Sophie's Mine To Mount Project VOL.1

Sophie Travels to Kenya for New Mine To Mount Project 


Almost 12 years to the day after founding her eponymous jewellery business, Sophie decided the time was right to probe a little deeper into where her gemstones come from - specifically the Tsavorites she loves working with so much. In 2022, she flew out of London, ready to venture deep into the Kenyan bush to meet the inspirational owner of a small-scale Tsavorite mine who is intent on doing things differently.

It was never a given that Sophie’s Mine To Mount Project would even happen. Keen to develop a long-term relationship with an artisanal mine to better understand the techniques and ethics of mining, she encountered barriers along the way, with many mining sites reluctant to facilitate a visit. 

With the general lack of transparency within the industry, alongside a string of violent events in Kenyan mines, Sophie’s fortunes changed when she was introduced to Miriam Mimo Kamau. A female entrepreneur, Miriam’s disadvantaged background hasn’t stopped her from breaking through the glass ceiling that frequently prevents women in Kenya from climbing the ladder in the male-dominated mining industry.  

Tsavorite is exclusively found between Kenya and Tanzania. It is only recently that Kenya has begun to grant mining licences to women, with Miriam’s journey to becoming a mine owner beginning with a job as a secretary to a stone dealer. With perseverance and ambition, she obtained a certificate in gemmology and founded Mimo Gems in Nairobi. Running a successful gem business led her to become an ambassador for the International Coloured Gemstone Association, which in turn gained her the trust of local Kenyan miners. In 2022, Miriam won the Africa Extractives Entrepreneur of the Year Award and was included in the WIM100 2020 - an annual celebration of 100 Inspirational Women in Mining worldwide.

As her company expanded, Miriam used the knowledge she had gained from working with miners to buy a plot of land and build an ethical and sustainable Tsavorite mining business that treats its employees well. Her team of miners, whom Miriam considers family, all receive a fair wage, work regular hours and live in a comfortable camp outside Tsavo National Park.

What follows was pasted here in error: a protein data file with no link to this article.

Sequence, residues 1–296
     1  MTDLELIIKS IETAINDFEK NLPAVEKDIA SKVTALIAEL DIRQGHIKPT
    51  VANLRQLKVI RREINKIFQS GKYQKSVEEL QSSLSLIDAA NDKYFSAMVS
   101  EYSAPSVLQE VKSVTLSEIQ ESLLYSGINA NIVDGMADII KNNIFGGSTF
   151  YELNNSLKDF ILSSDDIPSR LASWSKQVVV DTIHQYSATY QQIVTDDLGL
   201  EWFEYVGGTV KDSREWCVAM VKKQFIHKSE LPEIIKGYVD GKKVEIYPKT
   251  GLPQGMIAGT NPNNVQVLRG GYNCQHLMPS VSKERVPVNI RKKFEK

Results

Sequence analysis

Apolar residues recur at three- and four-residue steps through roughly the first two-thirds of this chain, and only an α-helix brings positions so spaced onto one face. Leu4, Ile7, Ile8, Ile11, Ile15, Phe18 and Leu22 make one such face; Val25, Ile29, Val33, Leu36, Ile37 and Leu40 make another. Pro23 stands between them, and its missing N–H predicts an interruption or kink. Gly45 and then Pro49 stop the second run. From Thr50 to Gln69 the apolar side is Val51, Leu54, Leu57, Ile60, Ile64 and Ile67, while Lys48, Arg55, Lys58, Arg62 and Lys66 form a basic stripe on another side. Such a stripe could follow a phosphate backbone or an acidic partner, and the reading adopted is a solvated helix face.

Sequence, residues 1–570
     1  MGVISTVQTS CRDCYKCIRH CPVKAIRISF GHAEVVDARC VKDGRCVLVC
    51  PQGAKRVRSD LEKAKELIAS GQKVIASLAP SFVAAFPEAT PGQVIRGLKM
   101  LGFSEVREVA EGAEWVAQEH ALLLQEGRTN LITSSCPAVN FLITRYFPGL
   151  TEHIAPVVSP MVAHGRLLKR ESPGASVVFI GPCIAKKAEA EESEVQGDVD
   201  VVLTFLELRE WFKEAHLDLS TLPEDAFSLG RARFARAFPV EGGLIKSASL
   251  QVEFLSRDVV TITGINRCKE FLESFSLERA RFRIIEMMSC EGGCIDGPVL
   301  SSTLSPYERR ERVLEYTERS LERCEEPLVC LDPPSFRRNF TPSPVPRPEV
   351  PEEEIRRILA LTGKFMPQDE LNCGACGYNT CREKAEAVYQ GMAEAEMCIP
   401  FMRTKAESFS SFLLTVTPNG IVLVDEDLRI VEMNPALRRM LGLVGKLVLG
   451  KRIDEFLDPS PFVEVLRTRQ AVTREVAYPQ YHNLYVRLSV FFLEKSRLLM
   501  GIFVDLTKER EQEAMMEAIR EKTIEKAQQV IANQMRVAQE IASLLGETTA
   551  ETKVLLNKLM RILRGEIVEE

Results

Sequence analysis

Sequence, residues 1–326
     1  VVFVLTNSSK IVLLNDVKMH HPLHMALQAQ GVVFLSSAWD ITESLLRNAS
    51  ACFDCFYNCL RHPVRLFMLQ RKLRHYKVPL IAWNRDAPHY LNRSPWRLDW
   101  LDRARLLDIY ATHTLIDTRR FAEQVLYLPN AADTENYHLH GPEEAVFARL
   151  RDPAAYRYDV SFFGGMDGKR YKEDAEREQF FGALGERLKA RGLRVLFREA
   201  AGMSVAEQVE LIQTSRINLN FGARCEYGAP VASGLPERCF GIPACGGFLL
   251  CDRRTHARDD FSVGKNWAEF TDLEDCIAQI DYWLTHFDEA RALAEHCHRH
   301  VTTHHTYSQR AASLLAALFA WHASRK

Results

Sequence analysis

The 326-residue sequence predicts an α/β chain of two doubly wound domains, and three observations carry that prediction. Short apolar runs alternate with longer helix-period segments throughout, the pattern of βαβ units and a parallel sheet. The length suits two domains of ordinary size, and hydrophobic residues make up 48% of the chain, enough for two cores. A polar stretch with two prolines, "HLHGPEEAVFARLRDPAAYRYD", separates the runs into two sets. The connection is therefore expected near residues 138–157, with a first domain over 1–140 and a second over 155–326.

A bumpy journey along dusty roads led Sophie to the camp, where she first met Miriam in July of last year. Keen to discuss her idea for the Mine to Mount project, Sophie also wanted to see first-hand how Tsavorites are mined. Hard hat on, she descended down the steep and slippery entrance to the Tsavorite mine. 


The flaws in Tsavorite are rarely naturally occurring, but instead are caused by the mining process itself. This is why Miriam’s team rarely uses explosives and instead works almost exclusively by hand. Through her experience, Sophie learned that you have to break through layers of other gemstones before you reach the Tsavorite rough, which resembles pieces of sea glass, and discovered how hard it is to mine in the traditional way, with just a chisel and hammer.

Inspired by her wonderful Kenyan experience, Sophie has designed three Art Deco inspired engagement rings set with stones sourced from Miriam’s Tsavorite mines in Kenya. The three gems all display a different shade of green - a mint green cushion cut tsavorite; a bright, grass green emerald cut Tsavorite; a racing green emerald cut tsavorite with a colour very close to that of an emerald - giving each of her One-Of-A-Kind engagement rings a very different personality.



Sophie returned from Kenya with a head full of knowledge and a new-found respect for the miners who work so hard to make it possible for her to use these wonderful gems in her designs. Now, when she is explaining to clients why Tsavorites make better centre stones than emeralds, she also gives them a little lesson in exactly how, thanks to Miriam and her fellow miners in Kenya, these beautiful green gemstones came into being.

All profits will be donated to Gem Legacy, a non-profit charity supporting vocational training, entrepreneurship, and community development in East African artisanal gem mining communities.

The Modern-Day Family Jeweller

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